Don’t look away: human trafficking doesn’t always happen to someone else
By AmChamPublished On 25/09/2020
A total of 41 human trafficking victims have been identified in Serbia since the start of 2020, a significant increase on last year’s officially confirmed figure of 39. From 2013 to 2019, the number of formally identified human trafficking victims in Serbia has varied from 39 to 125. The Covid-19 pandemic has made it more difficult to tackle human trafficking and pushed it even further away from the public spotlight. Human traffickers have moved some of their activities online, and the economic crisis has made potential victims even more vulnerable ASTRA’s telephone helpline has seen an increase in calls of 77 percent since the pandemic started, and ASTRA alone has identified 24 human trafficking victims in 2020 to date.
Throughout the world, including in the Balkans and Serbia, experts are warning that the ‘shadow figure’, the unreported number of human trafficking victims, may be up to ten times as high. In Europe, the number of identified human trafficking victims rose by 50 percent between 2015 and 2018. To what extent are all of us – both anti-trafficking activists and average members of the public – aware of the extent of this problem, and what is the reason why it is insufficiently acknowledged?
For this reason, ASTRA is taking part in the project ‘A space for place to fight human trafficking’, supported by the European Union, by launching a campaign to raise awareness of human trafficking, its forms, and its extent, under the slogan ‘DON’T LOOK AWAY – human trafficking doesn’t always happen to someone else’.
The campaign aims at exploding one of the major myths of human trafficking – that it happens to someone and somewhere else – and enhancing overall awareness of the most common forms of human trafficking in this country.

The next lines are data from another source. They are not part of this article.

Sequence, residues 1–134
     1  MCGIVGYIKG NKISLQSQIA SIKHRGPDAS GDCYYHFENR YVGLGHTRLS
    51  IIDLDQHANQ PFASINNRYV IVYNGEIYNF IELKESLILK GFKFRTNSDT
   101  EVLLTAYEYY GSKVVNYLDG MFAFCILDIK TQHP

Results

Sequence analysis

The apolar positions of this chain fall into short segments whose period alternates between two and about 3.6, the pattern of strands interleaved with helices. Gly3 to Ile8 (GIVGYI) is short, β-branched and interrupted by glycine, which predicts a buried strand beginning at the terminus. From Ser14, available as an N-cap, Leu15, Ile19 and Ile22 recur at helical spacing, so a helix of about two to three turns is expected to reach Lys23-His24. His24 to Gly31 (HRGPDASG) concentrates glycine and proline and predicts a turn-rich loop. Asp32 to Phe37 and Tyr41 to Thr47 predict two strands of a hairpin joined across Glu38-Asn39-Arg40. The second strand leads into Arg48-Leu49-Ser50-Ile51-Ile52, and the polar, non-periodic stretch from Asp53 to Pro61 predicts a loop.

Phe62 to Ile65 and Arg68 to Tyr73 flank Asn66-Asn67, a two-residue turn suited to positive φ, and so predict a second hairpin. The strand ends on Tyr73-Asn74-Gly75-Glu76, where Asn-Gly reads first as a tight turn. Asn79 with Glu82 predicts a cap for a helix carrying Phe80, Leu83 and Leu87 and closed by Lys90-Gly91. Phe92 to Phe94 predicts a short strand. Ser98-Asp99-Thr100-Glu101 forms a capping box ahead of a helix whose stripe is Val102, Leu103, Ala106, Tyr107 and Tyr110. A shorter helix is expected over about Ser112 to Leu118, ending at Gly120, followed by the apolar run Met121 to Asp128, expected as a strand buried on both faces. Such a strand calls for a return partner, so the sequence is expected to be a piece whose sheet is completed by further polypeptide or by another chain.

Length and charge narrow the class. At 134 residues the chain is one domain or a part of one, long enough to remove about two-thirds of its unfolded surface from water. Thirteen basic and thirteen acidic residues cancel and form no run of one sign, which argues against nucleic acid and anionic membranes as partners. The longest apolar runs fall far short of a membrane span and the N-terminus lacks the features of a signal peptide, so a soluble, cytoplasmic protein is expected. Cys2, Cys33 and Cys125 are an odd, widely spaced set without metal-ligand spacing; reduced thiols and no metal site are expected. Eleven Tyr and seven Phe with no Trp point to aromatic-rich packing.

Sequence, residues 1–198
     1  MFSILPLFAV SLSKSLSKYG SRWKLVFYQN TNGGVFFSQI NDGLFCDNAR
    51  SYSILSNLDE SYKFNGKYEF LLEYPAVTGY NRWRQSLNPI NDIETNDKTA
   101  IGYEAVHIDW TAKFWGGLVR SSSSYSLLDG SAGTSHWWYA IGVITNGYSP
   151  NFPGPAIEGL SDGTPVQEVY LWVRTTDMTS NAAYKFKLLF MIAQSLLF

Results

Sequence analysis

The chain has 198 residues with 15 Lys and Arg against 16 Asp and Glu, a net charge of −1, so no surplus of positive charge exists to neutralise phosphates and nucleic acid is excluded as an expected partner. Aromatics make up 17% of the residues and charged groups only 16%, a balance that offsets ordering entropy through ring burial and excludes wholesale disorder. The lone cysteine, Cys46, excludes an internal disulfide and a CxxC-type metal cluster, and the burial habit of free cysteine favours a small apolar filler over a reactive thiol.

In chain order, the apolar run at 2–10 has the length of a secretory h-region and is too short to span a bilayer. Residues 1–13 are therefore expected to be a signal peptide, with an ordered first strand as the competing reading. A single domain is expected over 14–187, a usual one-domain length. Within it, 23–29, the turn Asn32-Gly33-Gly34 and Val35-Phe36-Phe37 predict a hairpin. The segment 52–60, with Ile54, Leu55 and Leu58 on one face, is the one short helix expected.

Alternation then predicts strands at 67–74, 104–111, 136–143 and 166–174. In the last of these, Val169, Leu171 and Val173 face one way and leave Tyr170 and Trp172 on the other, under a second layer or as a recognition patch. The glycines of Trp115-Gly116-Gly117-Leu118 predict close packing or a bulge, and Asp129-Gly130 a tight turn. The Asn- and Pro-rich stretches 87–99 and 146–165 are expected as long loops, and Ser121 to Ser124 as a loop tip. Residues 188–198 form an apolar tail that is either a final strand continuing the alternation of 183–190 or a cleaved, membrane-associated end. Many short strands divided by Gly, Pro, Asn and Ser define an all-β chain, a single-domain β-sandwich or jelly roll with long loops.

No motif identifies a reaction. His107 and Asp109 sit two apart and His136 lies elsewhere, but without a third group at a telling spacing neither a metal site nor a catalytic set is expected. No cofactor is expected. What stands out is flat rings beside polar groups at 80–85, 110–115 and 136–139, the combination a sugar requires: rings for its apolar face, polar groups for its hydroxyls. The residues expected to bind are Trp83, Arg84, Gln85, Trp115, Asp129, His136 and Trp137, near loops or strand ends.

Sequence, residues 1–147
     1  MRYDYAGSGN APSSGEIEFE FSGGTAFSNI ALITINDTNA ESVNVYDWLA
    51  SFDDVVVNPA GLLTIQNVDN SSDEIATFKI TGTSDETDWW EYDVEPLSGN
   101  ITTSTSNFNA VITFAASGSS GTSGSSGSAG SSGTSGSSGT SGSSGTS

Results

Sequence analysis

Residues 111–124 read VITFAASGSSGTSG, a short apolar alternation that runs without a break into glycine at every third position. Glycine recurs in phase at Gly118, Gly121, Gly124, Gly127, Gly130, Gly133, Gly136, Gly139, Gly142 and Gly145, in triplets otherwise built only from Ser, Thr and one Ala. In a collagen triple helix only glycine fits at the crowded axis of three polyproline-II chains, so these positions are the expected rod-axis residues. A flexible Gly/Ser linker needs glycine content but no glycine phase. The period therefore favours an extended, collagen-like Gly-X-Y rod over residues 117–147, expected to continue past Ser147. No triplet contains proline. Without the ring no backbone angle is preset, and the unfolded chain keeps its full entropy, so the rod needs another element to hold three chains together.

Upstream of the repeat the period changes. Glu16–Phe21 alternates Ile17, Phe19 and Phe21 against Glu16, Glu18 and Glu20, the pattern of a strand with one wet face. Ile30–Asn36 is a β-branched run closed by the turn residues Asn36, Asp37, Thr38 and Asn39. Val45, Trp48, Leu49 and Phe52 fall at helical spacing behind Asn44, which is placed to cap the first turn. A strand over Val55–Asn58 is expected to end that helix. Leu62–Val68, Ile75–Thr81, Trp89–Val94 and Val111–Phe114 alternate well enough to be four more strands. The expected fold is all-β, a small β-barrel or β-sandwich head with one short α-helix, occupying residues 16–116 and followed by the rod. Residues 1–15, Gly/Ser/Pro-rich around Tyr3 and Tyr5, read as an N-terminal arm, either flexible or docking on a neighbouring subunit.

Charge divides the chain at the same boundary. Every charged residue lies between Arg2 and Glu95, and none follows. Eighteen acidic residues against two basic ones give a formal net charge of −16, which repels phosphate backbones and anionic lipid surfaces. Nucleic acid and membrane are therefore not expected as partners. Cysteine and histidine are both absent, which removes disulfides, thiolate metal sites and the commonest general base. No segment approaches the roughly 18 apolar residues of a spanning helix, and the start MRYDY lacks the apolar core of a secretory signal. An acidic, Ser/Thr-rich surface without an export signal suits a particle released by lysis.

After two decades of work, over 44,000 calls fielded by ASTRA’s telephone helpline, and over 540 victims identified and helped, ASTRA now wants to send a reminder and a warning that human trafficking is a crime that can happen to anyone, and that victims come from a wide variety of backgrounds. A victim’s ethnicity, sex/gender, or education are not crucially important, and neither are human traffickers obviously recognisable as criminals. By contrast, these are often victims’ acquaintances, potential or fraudulent employers, relatives, and/or partners. These are people the victim knows and is willing to trust, but who prey on vulnerability and pull the victim into the maelstrom of trafficking.
What makes someone vulnerable? Poverty, the economic crisis, and exposure to violence, most commonly from family members or partners, greatly increase the risk of someone falling victim to human trafficking. More than 75 percent of all victims were previously exposed to some form of violence. An attempt to escape from one trap leads them to fall into another. The commonest form of human trafficking is sexual exploitation, whose victims are mainly girls and women (they account for
about 80 percent of the total). Underage victims are encountered in increasing numbers, with the threshold now at 12 to 13 years of age and constantly dropping. Global and regional economic migrations and crises have also made many, mostly men, the victims of labour exploitation.
For the issue of human trafficking to be addressed effectively, it must first be understood and recognised in the immediate environment, and efforts must be made to familiarise potentially vulnerable people with ways of protecting themselves.